Comparative Literature | Women in World Lit: Women in/and Medicine
C340 | 25704 | Prof. Vivian Halloran


TR 9:30-10:45
class carries A&H and CS credit

This class will introduce students to the field of the medical
humanities by analyzing how women portray their roles as doctors,
nurses, patients and caregivers within the medical establishment.
Beginning with the groundbreaking work by Florence Nightingale, we
will examine how women around the world have written about their
medical experiences from both a Western and non-Western perspective.
Themes we will discuss include:  how do these writers view their
ethical responsibilities to their patients?  How does illness change a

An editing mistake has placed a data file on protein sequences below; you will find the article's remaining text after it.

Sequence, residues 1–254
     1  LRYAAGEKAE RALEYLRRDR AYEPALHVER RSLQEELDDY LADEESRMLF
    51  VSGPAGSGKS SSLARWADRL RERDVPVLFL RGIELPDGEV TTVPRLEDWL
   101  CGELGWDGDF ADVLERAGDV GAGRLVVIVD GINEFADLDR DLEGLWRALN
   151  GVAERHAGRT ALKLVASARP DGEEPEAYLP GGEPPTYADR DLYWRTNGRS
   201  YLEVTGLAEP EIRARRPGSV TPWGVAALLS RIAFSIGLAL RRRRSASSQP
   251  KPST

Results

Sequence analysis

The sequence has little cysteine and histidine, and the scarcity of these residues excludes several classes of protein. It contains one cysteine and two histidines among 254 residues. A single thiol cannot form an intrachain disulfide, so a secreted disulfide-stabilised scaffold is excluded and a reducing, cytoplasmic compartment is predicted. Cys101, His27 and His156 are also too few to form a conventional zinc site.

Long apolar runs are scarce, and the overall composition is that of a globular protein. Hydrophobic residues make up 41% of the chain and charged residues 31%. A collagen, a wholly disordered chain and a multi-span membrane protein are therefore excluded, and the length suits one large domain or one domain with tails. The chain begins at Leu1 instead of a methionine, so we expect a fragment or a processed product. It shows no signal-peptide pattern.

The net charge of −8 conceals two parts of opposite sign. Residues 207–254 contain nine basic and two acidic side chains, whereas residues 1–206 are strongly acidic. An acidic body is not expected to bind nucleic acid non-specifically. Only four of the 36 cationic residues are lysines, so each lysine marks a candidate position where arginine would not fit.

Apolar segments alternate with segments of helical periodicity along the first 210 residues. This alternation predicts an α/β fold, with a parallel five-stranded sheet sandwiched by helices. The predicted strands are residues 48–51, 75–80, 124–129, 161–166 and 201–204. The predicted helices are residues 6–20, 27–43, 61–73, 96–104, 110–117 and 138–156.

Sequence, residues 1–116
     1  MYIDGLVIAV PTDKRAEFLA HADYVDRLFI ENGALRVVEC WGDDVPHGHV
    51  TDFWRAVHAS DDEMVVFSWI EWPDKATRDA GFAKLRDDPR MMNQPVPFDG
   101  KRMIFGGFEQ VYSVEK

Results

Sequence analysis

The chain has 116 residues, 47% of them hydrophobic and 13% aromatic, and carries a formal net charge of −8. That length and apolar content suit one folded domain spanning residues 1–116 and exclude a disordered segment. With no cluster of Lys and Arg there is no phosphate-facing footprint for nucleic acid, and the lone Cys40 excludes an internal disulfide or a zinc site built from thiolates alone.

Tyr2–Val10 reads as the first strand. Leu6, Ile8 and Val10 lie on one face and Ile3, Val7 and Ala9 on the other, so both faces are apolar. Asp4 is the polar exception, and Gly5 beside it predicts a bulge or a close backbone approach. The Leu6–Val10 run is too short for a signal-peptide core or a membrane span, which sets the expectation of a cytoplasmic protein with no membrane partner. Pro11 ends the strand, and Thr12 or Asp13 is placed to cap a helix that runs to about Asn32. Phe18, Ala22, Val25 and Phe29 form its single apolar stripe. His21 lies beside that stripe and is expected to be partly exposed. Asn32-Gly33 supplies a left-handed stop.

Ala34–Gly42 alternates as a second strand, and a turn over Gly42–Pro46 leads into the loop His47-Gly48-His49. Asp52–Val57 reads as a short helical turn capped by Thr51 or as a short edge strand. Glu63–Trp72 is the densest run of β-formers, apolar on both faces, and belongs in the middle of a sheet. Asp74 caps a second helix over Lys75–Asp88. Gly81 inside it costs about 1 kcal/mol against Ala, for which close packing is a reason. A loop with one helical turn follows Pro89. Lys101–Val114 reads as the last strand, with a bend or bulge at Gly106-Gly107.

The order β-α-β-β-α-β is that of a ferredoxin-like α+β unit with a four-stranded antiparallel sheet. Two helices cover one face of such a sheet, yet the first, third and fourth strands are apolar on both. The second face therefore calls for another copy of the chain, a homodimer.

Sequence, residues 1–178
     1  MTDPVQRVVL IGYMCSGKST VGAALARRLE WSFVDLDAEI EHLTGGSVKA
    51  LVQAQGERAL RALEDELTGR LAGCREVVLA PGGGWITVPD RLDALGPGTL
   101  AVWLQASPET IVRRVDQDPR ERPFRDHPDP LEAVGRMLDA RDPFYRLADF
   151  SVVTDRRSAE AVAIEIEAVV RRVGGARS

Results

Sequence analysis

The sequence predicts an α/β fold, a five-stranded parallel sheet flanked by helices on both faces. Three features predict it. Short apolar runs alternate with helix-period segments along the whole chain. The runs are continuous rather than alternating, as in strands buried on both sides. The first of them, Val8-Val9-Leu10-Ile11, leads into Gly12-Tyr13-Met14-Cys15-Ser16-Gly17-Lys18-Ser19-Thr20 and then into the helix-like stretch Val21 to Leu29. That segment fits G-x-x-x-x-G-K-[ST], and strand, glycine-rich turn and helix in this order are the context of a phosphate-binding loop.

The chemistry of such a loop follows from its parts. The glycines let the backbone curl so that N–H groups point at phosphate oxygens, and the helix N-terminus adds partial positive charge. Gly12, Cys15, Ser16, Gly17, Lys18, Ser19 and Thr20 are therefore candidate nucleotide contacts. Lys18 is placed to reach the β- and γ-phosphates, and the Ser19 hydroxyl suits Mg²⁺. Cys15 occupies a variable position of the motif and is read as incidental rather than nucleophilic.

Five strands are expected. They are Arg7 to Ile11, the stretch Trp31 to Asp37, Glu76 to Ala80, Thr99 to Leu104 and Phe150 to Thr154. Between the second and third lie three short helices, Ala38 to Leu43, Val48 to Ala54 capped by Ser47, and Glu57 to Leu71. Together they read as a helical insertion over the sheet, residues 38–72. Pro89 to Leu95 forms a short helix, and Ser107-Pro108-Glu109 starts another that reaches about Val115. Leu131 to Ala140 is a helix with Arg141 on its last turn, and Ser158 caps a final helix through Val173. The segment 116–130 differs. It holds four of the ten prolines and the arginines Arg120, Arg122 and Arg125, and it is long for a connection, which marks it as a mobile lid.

patient’s, doctor’s and nurse’s view of what is important in life?
What can we learn from illness?  How does gender affect one’s
experience of illness and/or the work of healing others?  Among the
texts we will read are nurse memoirs by:  Nightingale and her
contemporary, Mary Seacole in her Adventures of Mrs. Seacole in Many
Lands; doctor memoirs by  Emily. R. Transue’s On Call: A Doctor’s Days
and Nights in Residency, Nawal El Saawadi’s Memoirs of a Woman Doctor,
Julia Alvarez’s novel about the development of a vaccine for smallpox,
Saving the World; Temple Grandin’s autism biography, Thinking in
Pictures; Amy Silverstein’s organ-transplant memoir, Sick Girl; and a
meditation on AIDS by a family member/caretaker, Jamaica Kincaid’s My
Brother.